[This post originally appeared on Adrian Crook’s Freetoplay.biz site.]
[Editor’s Note: Contributing writer Derek Kean works in the community team at 3D Fashion Games World, Frenzoo. He can be contacted at: derek at frenzoo dot com.]
The idea is simple but radical: turn everyday web browsing into a game – a group experience together with other surfers.
While searching Google or browsing your friends photos on Facebook you could be playing games, undertaking quests or chatting with other avatars also at the same sites.The concept of collaborative browsing isn’t new, witness social browser Flock or social recommendation services such as StumbleUpon. In the past months the gameplay element of collaborative browsing has sped forward with venture backed players launching services and a handful starting to gain good traction. The fledgling genre, sometimes called Passively Multiplayer Online Games (PMOG) or parallel browsing worlds are an innovative take on free to play virtual worlds.
Instead of web communities such as Gaia or Stardoll where you log in and remain on the destination sites, PMOGs are plugged into everyday web behaviour. Giving new life to existing pages, rather than trying to construct a full virtual world of its own, these “meta” services ride on top of web surfing and layer gameplay, content and community around them.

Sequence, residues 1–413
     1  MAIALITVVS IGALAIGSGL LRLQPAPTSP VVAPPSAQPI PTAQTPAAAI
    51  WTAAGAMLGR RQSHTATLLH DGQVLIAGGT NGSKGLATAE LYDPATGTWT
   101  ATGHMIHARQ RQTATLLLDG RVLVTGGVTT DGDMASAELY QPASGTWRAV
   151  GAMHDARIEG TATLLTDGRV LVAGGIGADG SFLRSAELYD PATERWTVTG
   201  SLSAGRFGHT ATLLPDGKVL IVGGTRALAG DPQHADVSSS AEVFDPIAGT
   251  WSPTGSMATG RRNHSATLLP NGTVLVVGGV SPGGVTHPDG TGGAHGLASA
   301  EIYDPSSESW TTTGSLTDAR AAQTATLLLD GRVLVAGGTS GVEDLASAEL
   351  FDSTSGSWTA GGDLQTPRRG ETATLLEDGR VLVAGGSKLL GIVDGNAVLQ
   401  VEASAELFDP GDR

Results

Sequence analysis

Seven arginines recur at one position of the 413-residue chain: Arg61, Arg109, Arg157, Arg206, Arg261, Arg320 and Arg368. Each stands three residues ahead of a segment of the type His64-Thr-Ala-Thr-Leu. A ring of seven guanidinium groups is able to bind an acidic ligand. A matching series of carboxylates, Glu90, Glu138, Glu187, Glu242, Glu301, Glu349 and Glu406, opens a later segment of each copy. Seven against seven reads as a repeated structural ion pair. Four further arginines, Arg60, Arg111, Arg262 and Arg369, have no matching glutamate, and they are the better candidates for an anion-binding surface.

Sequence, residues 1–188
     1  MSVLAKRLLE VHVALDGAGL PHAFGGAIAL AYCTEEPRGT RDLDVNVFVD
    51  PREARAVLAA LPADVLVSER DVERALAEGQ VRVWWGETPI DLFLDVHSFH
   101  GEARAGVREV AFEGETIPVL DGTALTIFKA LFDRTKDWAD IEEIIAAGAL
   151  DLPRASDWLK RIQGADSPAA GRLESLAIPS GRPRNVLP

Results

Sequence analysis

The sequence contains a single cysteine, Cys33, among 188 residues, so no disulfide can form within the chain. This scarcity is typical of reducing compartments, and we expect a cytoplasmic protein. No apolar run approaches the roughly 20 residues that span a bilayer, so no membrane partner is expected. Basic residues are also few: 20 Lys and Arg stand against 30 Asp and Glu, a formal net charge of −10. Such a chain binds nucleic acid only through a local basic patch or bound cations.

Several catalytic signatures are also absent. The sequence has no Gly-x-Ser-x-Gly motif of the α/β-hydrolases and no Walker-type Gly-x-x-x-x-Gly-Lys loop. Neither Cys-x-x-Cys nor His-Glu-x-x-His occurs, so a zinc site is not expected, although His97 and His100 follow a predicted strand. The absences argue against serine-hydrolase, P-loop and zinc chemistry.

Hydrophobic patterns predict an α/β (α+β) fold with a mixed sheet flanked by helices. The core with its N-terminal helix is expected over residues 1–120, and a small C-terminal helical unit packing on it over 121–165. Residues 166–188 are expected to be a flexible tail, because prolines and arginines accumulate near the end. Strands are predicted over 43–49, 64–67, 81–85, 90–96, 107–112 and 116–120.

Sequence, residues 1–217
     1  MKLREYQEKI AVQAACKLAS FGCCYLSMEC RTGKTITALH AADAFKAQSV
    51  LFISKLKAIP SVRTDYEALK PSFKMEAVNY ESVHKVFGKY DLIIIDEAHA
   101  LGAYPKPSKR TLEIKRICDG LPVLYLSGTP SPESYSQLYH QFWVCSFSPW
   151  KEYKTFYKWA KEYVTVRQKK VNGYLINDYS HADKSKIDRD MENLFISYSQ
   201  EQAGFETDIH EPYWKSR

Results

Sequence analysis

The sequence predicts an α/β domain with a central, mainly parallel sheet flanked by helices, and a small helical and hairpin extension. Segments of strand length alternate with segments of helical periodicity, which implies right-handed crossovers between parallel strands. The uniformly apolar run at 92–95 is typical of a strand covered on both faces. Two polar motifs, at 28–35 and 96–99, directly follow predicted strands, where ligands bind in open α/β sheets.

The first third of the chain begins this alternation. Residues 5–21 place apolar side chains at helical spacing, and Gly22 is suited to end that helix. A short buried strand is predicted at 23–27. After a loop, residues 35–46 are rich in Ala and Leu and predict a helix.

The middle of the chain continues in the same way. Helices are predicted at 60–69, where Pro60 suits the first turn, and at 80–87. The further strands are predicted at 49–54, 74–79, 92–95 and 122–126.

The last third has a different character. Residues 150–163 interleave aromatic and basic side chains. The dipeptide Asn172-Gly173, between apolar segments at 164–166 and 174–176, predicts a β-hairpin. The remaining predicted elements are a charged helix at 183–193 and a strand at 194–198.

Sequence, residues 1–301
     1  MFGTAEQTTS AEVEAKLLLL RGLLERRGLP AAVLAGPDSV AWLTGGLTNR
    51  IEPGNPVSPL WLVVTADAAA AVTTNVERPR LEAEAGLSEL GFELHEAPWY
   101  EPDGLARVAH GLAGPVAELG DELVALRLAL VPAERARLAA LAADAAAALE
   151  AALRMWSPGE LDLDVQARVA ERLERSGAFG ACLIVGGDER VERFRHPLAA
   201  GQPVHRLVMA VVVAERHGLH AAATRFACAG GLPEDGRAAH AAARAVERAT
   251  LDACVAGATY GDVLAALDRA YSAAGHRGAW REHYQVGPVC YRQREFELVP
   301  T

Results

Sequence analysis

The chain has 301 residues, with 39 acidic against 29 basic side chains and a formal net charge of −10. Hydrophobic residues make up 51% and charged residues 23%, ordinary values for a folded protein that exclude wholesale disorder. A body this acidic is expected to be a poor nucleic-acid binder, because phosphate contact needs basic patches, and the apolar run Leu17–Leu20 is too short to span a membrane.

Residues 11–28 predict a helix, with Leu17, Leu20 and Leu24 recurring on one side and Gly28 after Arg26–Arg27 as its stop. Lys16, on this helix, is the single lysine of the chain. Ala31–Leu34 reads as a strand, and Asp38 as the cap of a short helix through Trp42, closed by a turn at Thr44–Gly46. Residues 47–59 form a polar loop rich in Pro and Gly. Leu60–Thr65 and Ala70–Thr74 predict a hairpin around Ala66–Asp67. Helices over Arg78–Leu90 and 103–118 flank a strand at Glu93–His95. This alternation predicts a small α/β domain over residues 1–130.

Together with user generated content and communities, the experience can feel more personalized than in traditional online games and adds a new dimension to the pages you see every day. Privacy and other deployment issues aside (all need plugin/client downloads for the full experience), they are an interesting development and have the potential to redefine the web browsing experience for a new generation of consumers.
It’s early days for PMOGs and there are different approaches being taken, from pure avatar chat through to scripted gameplay and questing whilst surfing the web. Let’s take a look at 5 of the players in the space:
|Rocketon||www.rocketon.com||Mac and Windows – IE and Firefox plugin. Also a Lite web version for all browsers.||100,000+||F2P, Virtual Currency (“Rocket Dollars”)|
|ExitReality||www.exitreality.com||Windows only plugin – IE, Firefox and Chrome||Not disclosed||F2P, Contextual & 3D Advertising|
|Mac and Windows – Firefox & Flock (Mozilla) only.||10,000+||Contextual Advertising and Sponsor ‘badges’ (not currently live)|
|Yoowalk||www.yoowalk.com||Flash on page||40,000+||Undefined- Possible Advertising & Space rental|
|Weblin||www.weblin.com||Client Download||2million+||Virtual currency for in-game iteams, and Banner Ads|